Finland also helps out families that are low income by giving everybody services, so the middle class is way bigger than the lower and upper class. And because schools and districts aren’t competing against each other for limited resources,  there isn’t a correlation between low achieving and high achieving and low and and high income students, as we can see in the U.S. (Look at Income/Performance Diagram at bottom of post)

On top of that Finnish students only have to take 1 standardized text and it’s at the end of High School. Where I’ve been taking standardized tests multiple times a year since I’ve been in elementary school. And I can guarantee you that what I was tested on, and what scores I got (good and bad) said absolutely nothing about my abilities and potential and intelligence.

What do I think about it all of this:

Don’t tell me I am a number. I a not 85% right and 15% wrong. And don’t say what you are doing is not lethal, because I’ve seen cuts on my friends arms, the suicide numbers raise…. All because people see a very real shadow on their future due to the grade they got on the SAT that you claim defines them.

It’s funny because in my experience if students are “under performing” without understanding what could be happening in their life, or considering the fundamentals of how students are taught/what is taught, the schools end up paying millions to build prettier buildings or fire teachers, trying to fix the problem, when the problem is really that it’s a just BROKEN system. To blame an ugly building or bad teachers is absurd.

It’s like Einstein’s saying “if you judge a fish by it’s ability to climb a tree it will grow up thinking it’s  an idiot.” Why are we all being judged on the same scale? We are suppressing opportunity and limiting expression to a single formatted style. When we were all made individual for a reason- so why shouldn’t we embrace and show off our unique vision of how we can change the world? If a few numbers I receive can no longer determine who I can be or what I can become, I would feel so much more like a person capable of success.

I remember when I was going through a crisis in high school and only after it got out did the school come to me to see if they could help. First of all, it’s ironic when the very insitution that insuinated the crisis, all of a sudden wants to “be there in any way they can.” But, I figured I’ll take advantage of this irony. I told my counseler ways the school could help me, and maybe anybody else going through what I was going through. He kept saying “we are here for you in any way possible… but I can’t do that because I’m not allowed to.” I ended up yelling at the guy because I didn’t care how sinserely he wanted to help, if he couldn’t do anything to help the guesture was empty. He emailed my parents saying I was the rudest student he had ever had, for which I replied “I’m just the only student who isn’t sucking up to you to get a good letter of rec.”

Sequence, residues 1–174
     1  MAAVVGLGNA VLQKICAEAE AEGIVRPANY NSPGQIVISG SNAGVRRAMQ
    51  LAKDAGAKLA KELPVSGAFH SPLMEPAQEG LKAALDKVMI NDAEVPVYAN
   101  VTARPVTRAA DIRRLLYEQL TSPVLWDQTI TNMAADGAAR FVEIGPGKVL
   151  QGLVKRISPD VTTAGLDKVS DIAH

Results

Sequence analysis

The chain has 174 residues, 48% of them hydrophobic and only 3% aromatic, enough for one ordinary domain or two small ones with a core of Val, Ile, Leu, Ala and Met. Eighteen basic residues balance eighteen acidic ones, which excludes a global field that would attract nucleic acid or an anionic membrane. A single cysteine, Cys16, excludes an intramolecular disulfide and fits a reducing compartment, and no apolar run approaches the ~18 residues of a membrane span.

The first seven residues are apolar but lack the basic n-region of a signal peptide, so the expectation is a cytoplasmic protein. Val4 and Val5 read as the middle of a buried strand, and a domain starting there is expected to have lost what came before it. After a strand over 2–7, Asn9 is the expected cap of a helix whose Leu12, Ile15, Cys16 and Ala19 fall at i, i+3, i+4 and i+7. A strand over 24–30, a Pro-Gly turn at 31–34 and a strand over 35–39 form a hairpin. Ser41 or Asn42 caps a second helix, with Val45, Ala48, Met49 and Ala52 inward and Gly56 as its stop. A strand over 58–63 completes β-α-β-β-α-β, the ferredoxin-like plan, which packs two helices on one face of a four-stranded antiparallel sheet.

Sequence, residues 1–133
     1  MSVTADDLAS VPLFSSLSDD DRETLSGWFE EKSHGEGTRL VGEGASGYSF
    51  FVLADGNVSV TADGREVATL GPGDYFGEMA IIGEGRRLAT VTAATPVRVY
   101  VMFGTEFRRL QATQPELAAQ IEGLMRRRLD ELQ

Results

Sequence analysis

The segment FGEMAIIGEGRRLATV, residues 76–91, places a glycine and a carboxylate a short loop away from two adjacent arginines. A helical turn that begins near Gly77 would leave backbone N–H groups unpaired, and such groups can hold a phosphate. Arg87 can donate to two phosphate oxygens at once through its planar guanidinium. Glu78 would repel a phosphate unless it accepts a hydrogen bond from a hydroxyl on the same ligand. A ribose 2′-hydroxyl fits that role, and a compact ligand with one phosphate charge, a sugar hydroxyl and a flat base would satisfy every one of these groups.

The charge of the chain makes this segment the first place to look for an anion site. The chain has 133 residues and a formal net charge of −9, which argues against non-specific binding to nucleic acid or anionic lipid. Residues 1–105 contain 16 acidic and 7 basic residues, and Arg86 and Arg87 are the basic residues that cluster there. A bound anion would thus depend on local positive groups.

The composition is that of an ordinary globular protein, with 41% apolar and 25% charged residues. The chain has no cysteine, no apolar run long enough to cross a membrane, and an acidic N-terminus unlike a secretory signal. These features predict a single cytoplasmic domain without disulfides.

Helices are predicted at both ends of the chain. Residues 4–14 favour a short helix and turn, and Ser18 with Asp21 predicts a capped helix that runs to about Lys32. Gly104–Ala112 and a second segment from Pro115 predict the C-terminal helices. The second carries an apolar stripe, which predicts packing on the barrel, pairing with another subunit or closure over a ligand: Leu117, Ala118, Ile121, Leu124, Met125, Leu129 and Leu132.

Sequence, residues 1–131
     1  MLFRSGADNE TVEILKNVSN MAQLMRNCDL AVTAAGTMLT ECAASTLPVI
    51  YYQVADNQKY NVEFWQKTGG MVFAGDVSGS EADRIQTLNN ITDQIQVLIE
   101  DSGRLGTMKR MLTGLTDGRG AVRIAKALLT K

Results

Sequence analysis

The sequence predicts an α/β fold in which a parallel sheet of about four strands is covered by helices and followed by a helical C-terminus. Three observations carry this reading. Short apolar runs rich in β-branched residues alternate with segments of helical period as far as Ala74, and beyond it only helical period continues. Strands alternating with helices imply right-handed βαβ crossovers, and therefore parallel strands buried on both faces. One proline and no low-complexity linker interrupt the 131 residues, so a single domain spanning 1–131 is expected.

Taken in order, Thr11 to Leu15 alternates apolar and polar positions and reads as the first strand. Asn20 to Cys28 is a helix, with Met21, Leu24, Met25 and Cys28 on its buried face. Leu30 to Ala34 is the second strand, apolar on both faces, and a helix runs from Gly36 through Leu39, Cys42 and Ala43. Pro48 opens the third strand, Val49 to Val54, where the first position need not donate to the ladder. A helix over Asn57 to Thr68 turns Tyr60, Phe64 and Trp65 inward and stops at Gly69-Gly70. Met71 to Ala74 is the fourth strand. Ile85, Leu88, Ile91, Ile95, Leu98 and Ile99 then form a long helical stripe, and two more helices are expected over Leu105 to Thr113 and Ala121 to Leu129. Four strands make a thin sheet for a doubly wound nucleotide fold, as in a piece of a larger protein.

I was happy I got into college.

You see, the problem with this is that we try and make black and white rules for everybody. But such walls allow people to slip through the cracks. Because we can’t all fit inside of this mold modern education has us fitting into. And people kill themselves over it because it all feels so impossible, and it’s all so tiring and feels never ending and day after day, year after year, it really takes a toll on our youth. And that is serious. And really needs to change, in my opinion.

We should learn through hands on learning is experience. Experience is remembered. Lectures are forgotten because they only engage a small part of our minds. Making students memorize information quickly and in ways that aren’t long-term retainable so that they can spit out that information on a standardized test, so that the teacher and school can score well and get some of the limited resources our system has to offer is no no no NO way to educate our future leaders generation. And that is proven by our world rank in education in comparison to countries who do have revolutionized this old system to one that serves future generations. So, let’s start a revolution.

Check out these links:

https://www.youtube.com/watch?v=y_ZmM7zPLyI

https://www.youtube.com/watch?v=dqTTojTija8

https://www.youtube.com/watch?v=8xe6nLVXEC0

https://www.youtube.com/watch?v=qRJ1hgN7uAU

https://www.youtube.com/watch?v=UfmFIEh2QjU

Sources:

 

Batt, Shawn “Keeping Company in Controversy: Education Reform, Spheres of Argument, and Ethical Criticism.”

Riley, Kathryn A. “Leadership for Change and School Reform.” : Kathryn A. Riley : 9780415227926. Taylor & Francis Ltd, 13 June 2005.

Harkins, Mary Jane; Singer, Sonya. “The Conundrum of Large Scale Standardized Testing: Making Sure Every Student Counts.”